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Tuning In to TV

- Associated Press - Wednesday, July 20, 2011

Lawyer: 'Happy Days' suit prompted checks to cast

LOS ANGELES (AP) "Happy Days" cast members who filed a multimillion-dollar lawsuit against CBS over merchandise profits have received checks for a small fraction of the amount they say they are owed, their attorney said Wednesday.

Lawyer Jon Pfeiffer said the checks received after the case started were between $6,000 and $6,500 for each of the cast members and the wife of the late actor Tom Bosley.

The actors, who include Bosley's on-screen wife Marion Ross, Anson Williams, Don Most and Erin Moran, sued CBS Studios in April seeking more than $10 million in profits for "Happy Days"-themed merchandise. The items marketed with the actors' likenesses include T-shirts, board games and even gambling machines.

An attorney for CBS, Keri Campbell, did not return email and phone messages seeking comment.

After the case was filed, CBS said in a statement that it was aware of the issue and was seeking a resolution. "We agree that funds are owed to the actors and have been working with them for quite some time to resolve the issue," CBS' statement read.

Mr. Pfeiffer said that when the payments were sent recently, the studio "claimed that is the full payment for all that was owed." Two prominent members of the 1974-1984 sitcom, Henry Winkler and Ron Howard, are not party to the lawsuit.

Mr. Pfeiffer said he learned after filing the case that Mr. Winkler had been paid for merchandise rights, but he did not know how much.

His comments came after a judge ruled that the actors suing CBS could not pursue fraud claims against the studio without amending their lawsuit to provide further details. Mr. Pfeiffer said he would do that within a month, and the new complaint would have additional information he has learned since filing the initial lawsuit.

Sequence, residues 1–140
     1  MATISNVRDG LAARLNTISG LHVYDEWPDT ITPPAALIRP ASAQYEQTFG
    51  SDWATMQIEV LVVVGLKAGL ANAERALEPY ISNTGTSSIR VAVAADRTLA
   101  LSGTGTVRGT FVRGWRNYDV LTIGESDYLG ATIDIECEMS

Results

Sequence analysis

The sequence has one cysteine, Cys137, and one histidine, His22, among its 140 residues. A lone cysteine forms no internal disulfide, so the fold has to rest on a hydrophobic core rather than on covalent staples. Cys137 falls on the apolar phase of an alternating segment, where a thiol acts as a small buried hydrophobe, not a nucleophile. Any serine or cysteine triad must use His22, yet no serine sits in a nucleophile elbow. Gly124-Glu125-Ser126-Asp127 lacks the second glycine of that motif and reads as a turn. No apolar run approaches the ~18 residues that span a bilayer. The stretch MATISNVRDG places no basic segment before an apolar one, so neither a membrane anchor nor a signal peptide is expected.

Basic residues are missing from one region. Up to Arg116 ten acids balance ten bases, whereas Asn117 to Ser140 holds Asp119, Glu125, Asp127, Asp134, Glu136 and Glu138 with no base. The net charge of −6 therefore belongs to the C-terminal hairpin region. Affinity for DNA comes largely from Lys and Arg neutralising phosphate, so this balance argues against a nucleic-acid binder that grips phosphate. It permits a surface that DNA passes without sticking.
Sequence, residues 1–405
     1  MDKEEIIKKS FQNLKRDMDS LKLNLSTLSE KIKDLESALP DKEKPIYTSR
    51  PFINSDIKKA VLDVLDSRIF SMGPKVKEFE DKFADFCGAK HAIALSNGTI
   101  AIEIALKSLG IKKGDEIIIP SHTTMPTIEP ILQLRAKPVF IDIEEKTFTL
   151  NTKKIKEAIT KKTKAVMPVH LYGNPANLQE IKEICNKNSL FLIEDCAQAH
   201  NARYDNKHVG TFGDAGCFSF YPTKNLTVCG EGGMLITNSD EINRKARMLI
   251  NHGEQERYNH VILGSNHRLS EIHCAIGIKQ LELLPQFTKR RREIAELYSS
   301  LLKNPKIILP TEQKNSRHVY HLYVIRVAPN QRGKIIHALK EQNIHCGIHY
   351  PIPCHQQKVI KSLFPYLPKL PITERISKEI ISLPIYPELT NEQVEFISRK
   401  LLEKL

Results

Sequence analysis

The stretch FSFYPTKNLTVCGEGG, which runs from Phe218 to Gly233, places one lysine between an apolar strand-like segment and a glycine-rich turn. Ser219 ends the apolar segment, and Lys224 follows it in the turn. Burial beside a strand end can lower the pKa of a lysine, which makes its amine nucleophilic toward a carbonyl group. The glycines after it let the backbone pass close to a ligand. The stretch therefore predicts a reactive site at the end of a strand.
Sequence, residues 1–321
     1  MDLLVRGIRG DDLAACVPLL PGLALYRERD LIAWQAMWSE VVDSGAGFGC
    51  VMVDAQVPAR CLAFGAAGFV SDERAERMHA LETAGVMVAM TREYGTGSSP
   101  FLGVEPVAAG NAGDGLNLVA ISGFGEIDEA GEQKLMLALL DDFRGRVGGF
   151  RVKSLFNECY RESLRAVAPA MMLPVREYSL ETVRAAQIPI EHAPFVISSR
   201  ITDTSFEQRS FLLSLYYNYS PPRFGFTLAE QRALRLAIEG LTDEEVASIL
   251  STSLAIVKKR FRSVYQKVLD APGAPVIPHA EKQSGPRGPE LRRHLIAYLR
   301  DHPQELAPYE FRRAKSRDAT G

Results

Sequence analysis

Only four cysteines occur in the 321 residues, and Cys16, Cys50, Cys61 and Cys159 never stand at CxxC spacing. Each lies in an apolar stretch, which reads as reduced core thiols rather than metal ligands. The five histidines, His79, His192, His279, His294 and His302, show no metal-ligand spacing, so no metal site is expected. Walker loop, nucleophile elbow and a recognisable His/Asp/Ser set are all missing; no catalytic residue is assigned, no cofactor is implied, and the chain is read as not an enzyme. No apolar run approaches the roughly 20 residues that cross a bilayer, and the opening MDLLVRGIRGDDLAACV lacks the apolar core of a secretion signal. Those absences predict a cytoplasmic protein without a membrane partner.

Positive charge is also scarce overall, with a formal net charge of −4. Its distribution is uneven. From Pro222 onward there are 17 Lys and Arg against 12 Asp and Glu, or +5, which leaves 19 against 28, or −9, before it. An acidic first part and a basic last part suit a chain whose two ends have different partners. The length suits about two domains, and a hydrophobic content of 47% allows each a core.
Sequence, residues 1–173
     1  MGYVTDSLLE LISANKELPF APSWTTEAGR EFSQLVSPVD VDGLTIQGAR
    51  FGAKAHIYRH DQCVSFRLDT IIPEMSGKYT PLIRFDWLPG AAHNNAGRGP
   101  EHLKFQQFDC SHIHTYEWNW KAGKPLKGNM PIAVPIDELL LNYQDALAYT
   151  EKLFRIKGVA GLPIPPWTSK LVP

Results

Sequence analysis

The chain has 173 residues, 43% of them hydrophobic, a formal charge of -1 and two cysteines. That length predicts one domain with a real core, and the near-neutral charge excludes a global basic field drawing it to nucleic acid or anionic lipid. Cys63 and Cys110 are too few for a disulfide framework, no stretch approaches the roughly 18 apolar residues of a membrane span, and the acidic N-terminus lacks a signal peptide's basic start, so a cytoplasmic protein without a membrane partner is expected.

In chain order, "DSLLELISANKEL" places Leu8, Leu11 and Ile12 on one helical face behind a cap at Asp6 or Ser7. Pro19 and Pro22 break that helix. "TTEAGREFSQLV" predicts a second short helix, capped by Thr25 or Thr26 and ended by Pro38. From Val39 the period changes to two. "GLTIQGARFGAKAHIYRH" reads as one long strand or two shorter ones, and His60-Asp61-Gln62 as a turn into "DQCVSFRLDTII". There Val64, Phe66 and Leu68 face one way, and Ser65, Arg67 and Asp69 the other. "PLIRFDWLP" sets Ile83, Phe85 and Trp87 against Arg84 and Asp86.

Comic-Con kicks off with fans, flicks, costumes

LOS ANGELES (AP) Calling all superheroes, zombies, space aliens, comic-book lovers and kids of all ages: Comic-Con is here.

The pop-culture convention, which annually draws thousands of costumed fans to San Diego, begins Thursday, but the die-hards (and those with weekend-long passes) were to get a peek at the colorful convention floor on Wednesday night.

Hundreds of exhibitors and more than 130,000 guests are expected to pack the San Diego Convention Center for the sold out, four-day event.

"The people who go through those doors, most of them are film fans and fans of pop culture, be it video games or movies or television shows, T-shirts or comic books, it's all part of this big cultural stew," says filmmaker Jon Favreau, who will premiere his latest flick, "Cowboys & Aliens," at Comic-Con. "These are people who normally interact with one another through the Internet... . Then when you finally open it up to meeting in person, it just concentrates that experience."

The blogosphere is already abuzz about some of the offerings at this year's Comic-Con, where Hollywood continues to command a headlining presence.

"Captain America" will play in San Diego for a full day before its nationwide opening Friday, and star Chris Evans is set to introduce the earliest screening. "Cowboys & Aliens" will hold its world premiere at Comic-Con on Saturday - a festival first. Steven Spielberg and Peter Jackson are coming to the convention to talk about "The Adventures of Tin-Tin"; Sony is offering a peek at "The Amazing Spider-Man"; and the "Twilight" trio - Kristen Stewart, Taylor Lautner and Robert Pattinson - will again greet their fans at the Con.

TV-wise, "True Blood," "Game of Thrones" and "The Walking Dead" are big draws, while new shows such as "Person of Interest," "Grimm" and "Terra Nova" will present preview footage and introduce their casts in an aim to attract viewers before their fall premieres.

New video games are also expected to score big at Comic-Con, where players can get an early look at sci-fi shooters "Halo" and "Gears of War 3" and the latest "Batman" and "Spider-Man" games.

"Comic-Con is this incredible celebration of the arts, and the arts spans movies, television, video games - which are incredibly artistic now. It's toys, it's collectibles, it is straight comics and graphic novels," says documentarian Morgan Spurlock, who made a movie about Comic-Con and will introduce its companion photo book at this year's festival. "It is this cornerstone of pop culture that has so much influence now."

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